Terence David John Pratchett (April 28, 1948—March 12, 2015) was a British Fantasy author. A Knight Bachelor (i.e. Sir Terry Pratchett OBE), he was described as the most shoplifted author in Britain (belying an American critic who once claimed that he hadn't found his audience).
Most famous for the Discworld series, but this was not his only work. Some of the other stuff he's written:
- The Carpet People (his first novel) and The Bromeliad, three further books on a similar theme, aimed at children.
- The Dark Side of the Sun and Strata, his first two adult novels.
- The Johnny Maxwell Trilogy for children. Only You Can Save Mankind has been adapted for radio, the other two for TV.
- Good Omens, a collaboration with Neil Gaiman. A mini-series is currently in development.
- Nation - a non-Discworld fantasy children's novel, released 11 September 2008.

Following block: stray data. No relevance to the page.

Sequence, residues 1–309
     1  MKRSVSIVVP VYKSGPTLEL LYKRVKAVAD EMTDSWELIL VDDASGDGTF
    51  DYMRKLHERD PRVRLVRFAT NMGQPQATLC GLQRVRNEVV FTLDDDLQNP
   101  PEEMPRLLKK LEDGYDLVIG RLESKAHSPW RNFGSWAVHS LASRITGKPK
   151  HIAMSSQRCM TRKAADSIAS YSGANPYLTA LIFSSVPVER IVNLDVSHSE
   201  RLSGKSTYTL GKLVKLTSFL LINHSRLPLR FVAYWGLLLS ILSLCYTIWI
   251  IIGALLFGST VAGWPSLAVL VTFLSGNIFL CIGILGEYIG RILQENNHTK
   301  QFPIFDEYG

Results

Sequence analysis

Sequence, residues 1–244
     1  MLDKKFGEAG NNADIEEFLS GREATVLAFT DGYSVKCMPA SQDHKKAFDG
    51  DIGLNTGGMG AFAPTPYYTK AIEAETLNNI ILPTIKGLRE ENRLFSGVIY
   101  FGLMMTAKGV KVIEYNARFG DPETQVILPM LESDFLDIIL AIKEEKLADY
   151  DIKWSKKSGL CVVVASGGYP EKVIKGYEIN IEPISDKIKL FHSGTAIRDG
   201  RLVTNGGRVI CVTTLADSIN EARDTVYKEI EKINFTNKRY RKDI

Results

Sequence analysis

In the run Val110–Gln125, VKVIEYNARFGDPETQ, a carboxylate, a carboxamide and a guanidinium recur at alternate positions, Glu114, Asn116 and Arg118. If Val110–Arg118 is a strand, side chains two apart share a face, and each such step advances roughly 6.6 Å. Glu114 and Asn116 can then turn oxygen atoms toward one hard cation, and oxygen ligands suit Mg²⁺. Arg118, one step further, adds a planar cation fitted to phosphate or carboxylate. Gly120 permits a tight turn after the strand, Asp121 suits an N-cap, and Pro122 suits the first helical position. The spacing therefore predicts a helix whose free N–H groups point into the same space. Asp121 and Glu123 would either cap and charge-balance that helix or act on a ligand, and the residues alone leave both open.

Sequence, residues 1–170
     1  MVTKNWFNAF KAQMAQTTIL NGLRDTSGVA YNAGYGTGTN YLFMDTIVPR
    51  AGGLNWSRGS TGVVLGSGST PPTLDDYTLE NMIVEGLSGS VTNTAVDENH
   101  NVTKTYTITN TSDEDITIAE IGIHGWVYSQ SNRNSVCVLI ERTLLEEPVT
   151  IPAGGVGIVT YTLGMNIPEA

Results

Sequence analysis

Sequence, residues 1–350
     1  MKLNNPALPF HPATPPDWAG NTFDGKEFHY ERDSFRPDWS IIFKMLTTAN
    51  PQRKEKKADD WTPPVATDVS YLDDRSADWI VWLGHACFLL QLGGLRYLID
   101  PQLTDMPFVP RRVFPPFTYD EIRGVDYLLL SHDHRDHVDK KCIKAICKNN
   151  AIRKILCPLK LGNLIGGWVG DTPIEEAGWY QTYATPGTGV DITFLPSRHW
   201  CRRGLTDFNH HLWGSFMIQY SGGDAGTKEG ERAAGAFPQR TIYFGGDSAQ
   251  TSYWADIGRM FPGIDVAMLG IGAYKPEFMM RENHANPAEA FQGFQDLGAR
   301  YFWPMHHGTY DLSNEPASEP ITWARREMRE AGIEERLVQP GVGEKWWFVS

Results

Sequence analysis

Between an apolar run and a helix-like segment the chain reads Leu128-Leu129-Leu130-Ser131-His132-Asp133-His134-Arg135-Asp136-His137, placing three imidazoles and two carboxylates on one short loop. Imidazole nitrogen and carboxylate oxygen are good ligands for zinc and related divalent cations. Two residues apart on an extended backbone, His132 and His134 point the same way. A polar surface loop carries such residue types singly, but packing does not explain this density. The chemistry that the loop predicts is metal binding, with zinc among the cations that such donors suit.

- The Long Earth - A science fiction series co-written with Stephen Baxter. The first book was released 19 June 2012.
- Dodger, a Dickensian story featuring Charles Dickens himself, released 13 September 2012.
Pratchett's trademark was his sense of humor — relying on wordplay, spoofing mythology and popular culture (though he usually didn't include current events in his work lest the books become dated), and publishing in genres ranging from fantasy to detective fiction to political thriller (often combining all three), rarely has there been found a phrase that he could not turn, and there are few subjects that Pterry (as his fans have affectionately dubbed him) wouldn't make at least a passing attempt to skewer on the end of a sharp metaphor. What Douglas Adams was to science fiction, Pratchett was to fantasy.